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Design Anthropology

Design Anthropology is a growing field that integrates and applies anthropological insights with design interventions as a new line of critical inquiry into emergent and transient "potentialities" that arise out of the performance of design events organized to be situated within lived contexts and engaged with existing practices. 

As a cross-disciplinary, collaborative, and still nascent field, the objective of this group is to raise public awareness of the field of Design Anthropology by organizing and making resources more accessible to those across a broad range of fields in order to: 

1. Establish and explore how Design Anthropology fits into or supplements the existing practices and objectives of design, IT, and other fields. 

2. Open up a dialogue between designers, engineers, anthropologists and potential clients leading to greater participation, adoption, and even new collaborative partnerships.

Website: https://www.linkedin.com/grp/home?gid=8353522&trk=my_groups-tile-flipgrp
Members: 16
Latest Activity: Oct 25, 2016

Discussion Forum

What Is Design Anthropology You Ask?

Design anthropology is a newly emerging field that integrates the strengths of design thinking and anthropological research in order to inform and critique design work in the making. While it has…Continue

Started by Brandon Meyer Dec 4, 2015.

Personal Introduction

I have been a member of the Open Anthropology Cooperative ever since reading a reference to it in the book, …Continue

Started by Brandon Meyer Feb 25, 2014.

EpicPeople.org

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Comment by Anastasia Gidt on April 1, 2016 at 2:43pm

@Nancy, thank you so much for replying and the video linkI know this video. It actually reminded me of the article that I am now searching (still without success). I was not aware of the AnthroDesign list. That's a great help! Huge thanks

Comment by Nancy Fried Foster on March 29, 2016 at 9:32pm

Don't recognize that article, Anastasia, but you are likely to get help on the AnthroDesign list if you don't get it here. Also, you might enjoy a recent Vox video about poorly designed doors: https://www.youtube.com/watch?v=yY96hTb8WgI. When you do find the article, please post info!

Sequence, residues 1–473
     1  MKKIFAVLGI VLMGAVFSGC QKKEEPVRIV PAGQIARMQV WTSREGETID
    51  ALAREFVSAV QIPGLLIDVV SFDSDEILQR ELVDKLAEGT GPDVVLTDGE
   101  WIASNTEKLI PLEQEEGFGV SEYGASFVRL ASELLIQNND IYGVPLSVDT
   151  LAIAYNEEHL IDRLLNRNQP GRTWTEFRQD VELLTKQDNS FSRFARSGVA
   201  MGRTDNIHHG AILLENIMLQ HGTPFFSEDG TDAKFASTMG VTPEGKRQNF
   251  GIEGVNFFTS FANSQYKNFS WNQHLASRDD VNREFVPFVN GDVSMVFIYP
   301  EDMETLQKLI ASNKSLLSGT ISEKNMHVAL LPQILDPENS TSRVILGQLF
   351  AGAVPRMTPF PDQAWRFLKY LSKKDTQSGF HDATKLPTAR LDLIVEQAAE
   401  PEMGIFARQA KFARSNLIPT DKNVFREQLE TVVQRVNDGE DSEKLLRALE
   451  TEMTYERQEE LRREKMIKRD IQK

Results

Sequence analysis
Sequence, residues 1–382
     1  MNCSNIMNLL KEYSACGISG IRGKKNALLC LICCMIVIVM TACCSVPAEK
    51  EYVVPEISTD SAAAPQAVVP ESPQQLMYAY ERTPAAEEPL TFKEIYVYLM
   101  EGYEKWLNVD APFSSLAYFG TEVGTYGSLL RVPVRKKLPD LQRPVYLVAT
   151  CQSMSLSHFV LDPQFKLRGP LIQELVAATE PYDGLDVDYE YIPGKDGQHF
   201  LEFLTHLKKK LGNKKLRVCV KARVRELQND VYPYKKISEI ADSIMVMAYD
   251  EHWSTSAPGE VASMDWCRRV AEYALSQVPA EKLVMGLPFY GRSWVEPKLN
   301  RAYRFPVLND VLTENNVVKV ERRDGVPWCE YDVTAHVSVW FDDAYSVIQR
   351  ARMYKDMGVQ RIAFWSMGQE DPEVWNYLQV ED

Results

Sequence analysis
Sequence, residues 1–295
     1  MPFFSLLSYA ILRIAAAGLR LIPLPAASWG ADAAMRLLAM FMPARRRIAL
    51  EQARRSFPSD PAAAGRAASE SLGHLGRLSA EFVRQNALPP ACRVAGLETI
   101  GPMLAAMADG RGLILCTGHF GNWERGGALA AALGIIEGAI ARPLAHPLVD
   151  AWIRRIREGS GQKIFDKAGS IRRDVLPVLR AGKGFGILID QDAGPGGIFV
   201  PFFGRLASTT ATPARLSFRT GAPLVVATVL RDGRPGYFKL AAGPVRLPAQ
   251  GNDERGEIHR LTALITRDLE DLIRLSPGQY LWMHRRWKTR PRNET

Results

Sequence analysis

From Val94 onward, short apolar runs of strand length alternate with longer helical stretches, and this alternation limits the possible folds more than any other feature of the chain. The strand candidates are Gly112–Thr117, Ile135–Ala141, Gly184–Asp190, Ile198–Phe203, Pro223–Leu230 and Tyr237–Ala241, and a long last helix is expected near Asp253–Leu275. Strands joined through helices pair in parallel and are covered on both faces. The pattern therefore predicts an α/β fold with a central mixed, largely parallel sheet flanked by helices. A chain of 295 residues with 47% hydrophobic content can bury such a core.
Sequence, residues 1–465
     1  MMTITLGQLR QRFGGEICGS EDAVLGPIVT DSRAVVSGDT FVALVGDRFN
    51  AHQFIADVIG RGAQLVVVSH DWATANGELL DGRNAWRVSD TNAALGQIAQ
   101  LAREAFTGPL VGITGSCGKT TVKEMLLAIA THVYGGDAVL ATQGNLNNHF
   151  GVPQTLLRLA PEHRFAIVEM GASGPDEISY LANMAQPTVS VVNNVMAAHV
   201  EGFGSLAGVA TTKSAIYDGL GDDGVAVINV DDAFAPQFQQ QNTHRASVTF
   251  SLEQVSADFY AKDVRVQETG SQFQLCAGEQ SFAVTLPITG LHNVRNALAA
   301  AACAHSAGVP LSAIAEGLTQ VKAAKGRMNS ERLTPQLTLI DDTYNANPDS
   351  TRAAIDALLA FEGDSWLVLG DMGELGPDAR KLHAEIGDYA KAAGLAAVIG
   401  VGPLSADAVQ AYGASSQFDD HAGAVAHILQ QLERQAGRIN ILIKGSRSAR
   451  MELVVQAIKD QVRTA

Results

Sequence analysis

Comment by Anastasia Gidt on March 29, 2016 at 9:20pm

Hey there, I am not sure whether this is the right place to post, but here I go. I am facing a dilemma where I remember a text but not the author. Maybe one of you can help me remember the source. The text is on the subject of design anthropology or anthropology of material culture. In the text the author describes how an anthropologist would approach the study of design objects by using the example of a door in her/his university department. If I remember correctly, it was how by looking at the design of an object, you can tell about the social relations in which the object is embedded (The said door had a pin which separated students from staff. I also clearly remember the article carried an image of said pin door). Does anyone of you know which article I am talking about? do you remember the name of author or where I might find the article? It is not Jim Johnson aka Bruno Latour, and not Don Norman's door. Any help is greatly appreaciated!

Comment by Brandon Meyer on December 12, 2015 at 5:57pm

Most importantly, in this group I hope to stress that you don't have to feel intimidated when asking questions or to feel that you even have to present yourself as some brilliant scholar on the subject. The kinds of people that I hope to encourage to participate include designers, techies, hobbyists, students, and even maybe some PhD's :) because everyone can learn from an interaction between the various points in the spectrum of knowledge, considered in both its breadth and type.

Just consider for a moment what an elevator pitch for design anthropology by a PhD to a successful entrepreneur with an associates degree or a designer with paint on his fingers might go like! If you are that successful entrepreneur or super creative type, I want this to be the place to challenge those intellectual-type anthropologists to argue the case for adopting design anthropology into your processes without them coming off as an esoteric highbrow snob! On the other hand, if you are that highbrow snob I want this to be the place where you learn what the needs and expectations of business and designers are.